CalMac plans world’s first hydrogen fuel ferry

Platten: 'exciting prospect'
Platten: 'exciting prospect'
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SCOTLAND’S main ferry operator is planning to develop the world’s first vessel powered by hydrogen fuel cells.

The revolutionary vessel would produce no exhaust fumes and could run on gas produced using spare electricity generated overnight from wind farms.

The plans have been unveiled by the firm which owns Caledonian MacBrayne’s west coast ferries and harbours, which has just completed research for Scottish Enterprise which it said proved their ­feasibility. Guy Platten, chief executive of Caledonian Maritime Assets (CMal), said: “I’m confident we can build a ship with hydrogen fuel cells – it’s an exciting prospect. It could be a game changer for Scotland if we go ahead with this. We would have a carbon-neutral ship with no emissions. The potential is massive.”

Platten is seeking £500,000 of further funding to develop the project, including into the manufacture and storage of hydrogen in ports.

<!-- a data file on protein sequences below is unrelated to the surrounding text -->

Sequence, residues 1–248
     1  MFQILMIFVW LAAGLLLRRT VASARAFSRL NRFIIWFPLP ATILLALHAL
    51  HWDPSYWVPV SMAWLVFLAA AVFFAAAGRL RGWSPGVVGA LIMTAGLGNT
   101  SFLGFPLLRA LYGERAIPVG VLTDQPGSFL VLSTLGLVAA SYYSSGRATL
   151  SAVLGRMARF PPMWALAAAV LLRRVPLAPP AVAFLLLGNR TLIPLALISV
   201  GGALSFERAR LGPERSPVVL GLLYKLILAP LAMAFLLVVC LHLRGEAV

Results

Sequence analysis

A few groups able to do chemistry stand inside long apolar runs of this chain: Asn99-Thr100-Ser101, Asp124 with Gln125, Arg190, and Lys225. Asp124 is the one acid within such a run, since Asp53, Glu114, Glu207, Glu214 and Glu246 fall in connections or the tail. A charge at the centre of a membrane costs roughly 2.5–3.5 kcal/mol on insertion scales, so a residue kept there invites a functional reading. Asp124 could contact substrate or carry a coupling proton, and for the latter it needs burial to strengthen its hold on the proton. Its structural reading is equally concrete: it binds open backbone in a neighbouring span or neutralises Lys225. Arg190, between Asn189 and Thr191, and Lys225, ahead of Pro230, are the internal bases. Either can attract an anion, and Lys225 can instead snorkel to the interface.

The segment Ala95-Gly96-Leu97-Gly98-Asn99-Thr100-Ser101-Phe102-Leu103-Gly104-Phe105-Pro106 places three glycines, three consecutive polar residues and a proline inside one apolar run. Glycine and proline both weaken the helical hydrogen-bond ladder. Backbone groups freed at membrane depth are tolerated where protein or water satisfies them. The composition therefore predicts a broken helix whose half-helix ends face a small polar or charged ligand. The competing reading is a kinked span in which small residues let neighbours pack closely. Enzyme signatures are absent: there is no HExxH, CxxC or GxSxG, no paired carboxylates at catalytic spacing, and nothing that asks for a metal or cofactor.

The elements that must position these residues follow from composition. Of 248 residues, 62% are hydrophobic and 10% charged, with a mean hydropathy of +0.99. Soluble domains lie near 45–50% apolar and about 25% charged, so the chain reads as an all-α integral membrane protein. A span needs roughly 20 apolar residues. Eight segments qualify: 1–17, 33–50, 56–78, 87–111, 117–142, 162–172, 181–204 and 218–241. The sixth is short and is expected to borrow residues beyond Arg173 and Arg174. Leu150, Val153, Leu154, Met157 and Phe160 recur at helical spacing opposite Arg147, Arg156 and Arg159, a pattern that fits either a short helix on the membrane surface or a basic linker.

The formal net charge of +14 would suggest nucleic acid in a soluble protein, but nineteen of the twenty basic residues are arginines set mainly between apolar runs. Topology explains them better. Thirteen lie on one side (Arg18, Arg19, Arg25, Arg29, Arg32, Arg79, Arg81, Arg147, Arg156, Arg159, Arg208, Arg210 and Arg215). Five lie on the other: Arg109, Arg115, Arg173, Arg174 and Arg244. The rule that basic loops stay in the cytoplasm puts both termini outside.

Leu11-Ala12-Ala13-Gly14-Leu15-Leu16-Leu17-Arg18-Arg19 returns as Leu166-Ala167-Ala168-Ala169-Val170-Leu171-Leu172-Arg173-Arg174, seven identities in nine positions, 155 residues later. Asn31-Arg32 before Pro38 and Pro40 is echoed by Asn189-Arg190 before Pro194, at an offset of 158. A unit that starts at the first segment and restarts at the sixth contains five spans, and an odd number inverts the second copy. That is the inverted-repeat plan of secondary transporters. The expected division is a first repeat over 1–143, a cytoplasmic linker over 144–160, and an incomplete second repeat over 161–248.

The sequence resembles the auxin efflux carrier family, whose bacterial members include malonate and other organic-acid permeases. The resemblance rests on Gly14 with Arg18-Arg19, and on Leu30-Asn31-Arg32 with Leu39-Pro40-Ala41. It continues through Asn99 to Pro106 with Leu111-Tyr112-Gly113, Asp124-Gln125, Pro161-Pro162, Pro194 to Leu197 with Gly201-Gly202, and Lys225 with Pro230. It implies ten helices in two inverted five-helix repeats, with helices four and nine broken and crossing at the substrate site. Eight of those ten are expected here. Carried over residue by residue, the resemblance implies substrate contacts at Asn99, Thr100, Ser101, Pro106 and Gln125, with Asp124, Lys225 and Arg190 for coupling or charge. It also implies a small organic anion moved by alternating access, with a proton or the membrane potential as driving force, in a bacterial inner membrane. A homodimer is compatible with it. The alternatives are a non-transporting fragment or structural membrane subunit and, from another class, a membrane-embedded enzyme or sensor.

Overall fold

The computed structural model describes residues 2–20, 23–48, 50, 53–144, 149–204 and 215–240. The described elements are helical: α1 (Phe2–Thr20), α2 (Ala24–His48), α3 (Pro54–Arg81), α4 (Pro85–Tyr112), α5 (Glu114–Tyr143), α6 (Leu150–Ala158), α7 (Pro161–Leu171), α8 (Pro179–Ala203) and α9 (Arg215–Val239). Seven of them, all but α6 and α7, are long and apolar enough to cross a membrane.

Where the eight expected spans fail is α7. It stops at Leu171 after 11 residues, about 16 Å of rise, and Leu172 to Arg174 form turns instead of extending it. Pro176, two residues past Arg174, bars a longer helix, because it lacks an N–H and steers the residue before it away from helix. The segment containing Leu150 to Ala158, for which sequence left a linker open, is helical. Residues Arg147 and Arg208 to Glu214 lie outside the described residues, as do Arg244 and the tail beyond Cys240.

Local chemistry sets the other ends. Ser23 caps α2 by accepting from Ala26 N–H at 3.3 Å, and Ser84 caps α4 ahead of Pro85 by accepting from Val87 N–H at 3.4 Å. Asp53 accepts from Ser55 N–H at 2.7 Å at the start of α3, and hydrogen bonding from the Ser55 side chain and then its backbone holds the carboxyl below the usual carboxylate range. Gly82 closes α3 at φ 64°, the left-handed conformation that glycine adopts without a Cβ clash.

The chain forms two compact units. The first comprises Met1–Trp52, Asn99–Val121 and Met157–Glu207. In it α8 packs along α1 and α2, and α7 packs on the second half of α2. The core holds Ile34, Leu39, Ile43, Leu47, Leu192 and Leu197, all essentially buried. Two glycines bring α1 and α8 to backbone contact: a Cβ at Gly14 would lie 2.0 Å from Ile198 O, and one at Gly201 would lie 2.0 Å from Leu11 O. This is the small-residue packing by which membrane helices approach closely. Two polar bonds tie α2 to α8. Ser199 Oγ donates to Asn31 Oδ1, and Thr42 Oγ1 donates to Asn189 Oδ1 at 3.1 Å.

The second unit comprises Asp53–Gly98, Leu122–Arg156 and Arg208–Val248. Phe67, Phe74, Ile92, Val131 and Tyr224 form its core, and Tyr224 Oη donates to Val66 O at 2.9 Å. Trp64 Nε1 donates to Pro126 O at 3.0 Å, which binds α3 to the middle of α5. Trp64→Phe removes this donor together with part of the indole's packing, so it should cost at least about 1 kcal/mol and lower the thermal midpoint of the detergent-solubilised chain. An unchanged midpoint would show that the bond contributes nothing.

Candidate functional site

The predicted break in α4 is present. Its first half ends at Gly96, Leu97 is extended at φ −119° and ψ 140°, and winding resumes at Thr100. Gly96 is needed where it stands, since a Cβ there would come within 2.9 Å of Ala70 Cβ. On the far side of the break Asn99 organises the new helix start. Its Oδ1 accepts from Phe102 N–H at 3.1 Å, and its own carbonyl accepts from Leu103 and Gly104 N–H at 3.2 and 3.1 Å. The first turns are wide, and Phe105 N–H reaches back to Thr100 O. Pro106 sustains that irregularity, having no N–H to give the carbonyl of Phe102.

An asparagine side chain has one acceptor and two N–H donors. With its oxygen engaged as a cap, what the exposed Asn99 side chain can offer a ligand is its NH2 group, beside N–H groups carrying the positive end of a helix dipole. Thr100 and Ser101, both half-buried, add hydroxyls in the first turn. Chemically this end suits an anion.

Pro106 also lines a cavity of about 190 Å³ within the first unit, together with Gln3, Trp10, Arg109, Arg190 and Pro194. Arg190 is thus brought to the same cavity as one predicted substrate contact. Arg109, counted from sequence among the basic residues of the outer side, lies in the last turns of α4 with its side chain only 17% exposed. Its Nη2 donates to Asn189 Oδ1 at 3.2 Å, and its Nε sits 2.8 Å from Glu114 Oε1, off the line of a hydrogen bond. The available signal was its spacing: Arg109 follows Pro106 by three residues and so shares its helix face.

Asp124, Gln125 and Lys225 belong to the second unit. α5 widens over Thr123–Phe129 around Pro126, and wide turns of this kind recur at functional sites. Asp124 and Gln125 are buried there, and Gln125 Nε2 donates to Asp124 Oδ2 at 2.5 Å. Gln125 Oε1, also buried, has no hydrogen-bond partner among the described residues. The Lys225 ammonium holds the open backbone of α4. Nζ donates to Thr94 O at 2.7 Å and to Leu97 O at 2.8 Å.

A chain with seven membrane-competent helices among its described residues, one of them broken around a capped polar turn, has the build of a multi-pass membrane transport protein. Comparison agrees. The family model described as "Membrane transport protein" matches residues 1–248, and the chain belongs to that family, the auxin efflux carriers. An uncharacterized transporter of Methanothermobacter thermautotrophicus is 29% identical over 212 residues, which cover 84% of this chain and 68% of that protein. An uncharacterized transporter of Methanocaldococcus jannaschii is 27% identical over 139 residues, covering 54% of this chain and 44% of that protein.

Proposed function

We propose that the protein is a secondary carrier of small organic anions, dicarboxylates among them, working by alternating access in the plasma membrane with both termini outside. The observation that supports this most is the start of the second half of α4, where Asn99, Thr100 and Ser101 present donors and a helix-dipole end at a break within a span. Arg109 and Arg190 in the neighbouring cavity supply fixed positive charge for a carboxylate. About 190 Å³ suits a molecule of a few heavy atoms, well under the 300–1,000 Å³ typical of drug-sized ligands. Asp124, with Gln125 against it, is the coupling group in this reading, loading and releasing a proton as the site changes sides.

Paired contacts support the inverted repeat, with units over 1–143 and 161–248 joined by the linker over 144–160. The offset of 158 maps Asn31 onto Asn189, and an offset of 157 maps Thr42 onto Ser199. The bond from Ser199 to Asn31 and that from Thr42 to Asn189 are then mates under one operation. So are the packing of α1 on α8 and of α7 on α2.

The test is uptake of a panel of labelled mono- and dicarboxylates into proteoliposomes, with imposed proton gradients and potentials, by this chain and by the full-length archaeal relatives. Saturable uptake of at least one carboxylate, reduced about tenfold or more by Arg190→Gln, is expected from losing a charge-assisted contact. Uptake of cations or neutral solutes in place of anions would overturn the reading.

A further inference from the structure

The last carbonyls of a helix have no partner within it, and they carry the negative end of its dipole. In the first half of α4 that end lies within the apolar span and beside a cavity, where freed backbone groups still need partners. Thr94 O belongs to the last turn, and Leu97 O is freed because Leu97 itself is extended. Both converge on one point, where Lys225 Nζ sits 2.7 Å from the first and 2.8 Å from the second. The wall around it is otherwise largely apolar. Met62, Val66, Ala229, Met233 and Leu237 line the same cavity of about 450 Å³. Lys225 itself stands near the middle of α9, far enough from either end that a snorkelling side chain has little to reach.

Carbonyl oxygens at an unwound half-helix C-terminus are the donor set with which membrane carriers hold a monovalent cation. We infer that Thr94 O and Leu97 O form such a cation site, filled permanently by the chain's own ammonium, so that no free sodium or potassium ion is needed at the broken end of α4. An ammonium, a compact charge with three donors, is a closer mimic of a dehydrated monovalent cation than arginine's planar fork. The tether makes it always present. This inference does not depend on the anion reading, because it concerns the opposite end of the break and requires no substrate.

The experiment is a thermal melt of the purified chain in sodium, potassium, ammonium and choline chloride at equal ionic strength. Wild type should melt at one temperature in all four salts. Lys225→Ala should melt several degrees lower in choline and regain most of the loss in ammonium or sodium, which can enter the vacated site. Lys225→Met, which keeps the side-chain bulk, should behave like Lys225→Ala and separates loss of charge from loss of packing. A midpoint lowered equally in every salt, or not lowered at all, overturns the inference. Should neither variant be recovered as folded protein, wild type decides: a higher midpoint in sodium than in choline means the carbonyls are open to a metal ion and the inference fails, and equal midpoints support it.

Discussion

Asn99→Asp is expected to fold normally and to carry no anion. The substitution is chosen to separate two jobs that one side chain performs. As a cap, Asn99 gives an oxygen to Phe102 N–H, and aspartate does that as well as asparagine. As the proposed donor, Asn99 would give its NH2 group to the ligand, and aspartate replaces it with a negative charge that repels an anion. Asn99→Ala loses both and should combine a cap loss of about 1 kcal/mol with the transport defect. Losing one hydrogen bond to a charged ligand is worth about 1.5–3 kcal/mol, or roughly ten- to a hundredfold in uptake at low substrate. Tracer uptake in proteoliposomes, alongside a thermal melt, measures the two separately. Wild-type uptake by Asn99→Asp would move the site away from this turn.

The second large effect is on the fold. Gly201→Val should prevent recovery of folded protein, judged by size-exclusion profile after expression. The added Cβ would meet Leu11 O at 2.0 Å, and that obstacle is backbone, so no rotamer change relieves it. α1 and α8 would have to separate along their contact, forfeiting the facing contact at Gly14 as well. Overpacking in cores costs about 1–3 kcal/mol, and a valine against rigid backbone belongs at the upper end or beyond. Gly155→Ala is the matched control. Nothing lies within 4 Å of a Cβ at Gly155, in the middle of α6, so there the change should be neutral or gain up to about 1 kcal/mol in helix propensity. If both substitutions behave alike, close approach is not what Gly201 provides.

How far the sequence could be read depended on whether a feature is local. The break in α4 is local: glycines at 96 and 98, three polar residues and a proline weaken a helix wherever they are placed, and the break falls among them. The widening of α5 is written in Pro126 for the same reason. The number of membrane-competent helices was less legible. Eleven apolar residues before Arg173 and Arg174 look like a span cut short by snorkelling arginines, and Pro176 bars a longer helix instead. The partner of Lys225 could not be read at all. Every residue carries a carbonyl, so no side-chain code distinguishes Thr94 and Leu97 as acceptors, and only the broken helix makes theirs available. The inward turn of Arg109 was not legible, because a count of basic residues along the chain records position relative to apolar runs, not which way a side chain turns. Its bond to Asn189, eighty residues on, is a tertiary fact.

This could lead to a £15 million demonstration vessel being built within a few years.

CMal is at the forefront of ferry design, with the world’s first seagoing diesel-electric hybrid ferry being launched in Port Glasgow tomorrow.

Hallaig will go into service on the Skye-Raasay route next summer, with a second following it to run across Loch Fyne between Portavadie and Tarbert later in the year.

The hydrogen cell project was inspired by a visit to Transport for London’s hydrogen-powered buses. CMal teamed up with Logan Energy, St Andrews University and the Scottish Hydrogen Fuel Cell Association.

The research looked at new ways of manufacturing hydrogen by passing an electric current through water, powered by renewable energy such as from wind farms. This would cut cost and enable production close to ferry routes, removing the need for it to be brought in by tanker. Hydrogen has traditionally been made using coal or gas, which produces carbon dioxide emissions.

A spokesman for Scottish Enterprise said: “Against the backdrop of a global drive to reduce vessel emissions, this project has the potential to put Scotland at the forefront of global developments in sustainable ferries.”

Deputy First Minister, Nicola Sturgeon, said: “CMal are at the forefront of global developments in designing sustainable ferries and are not only taking forward innovative work to ­ensure the latest green technology is incorporated into future vessels, but have played a central role to deliver a world-first in hybrid ferry design.”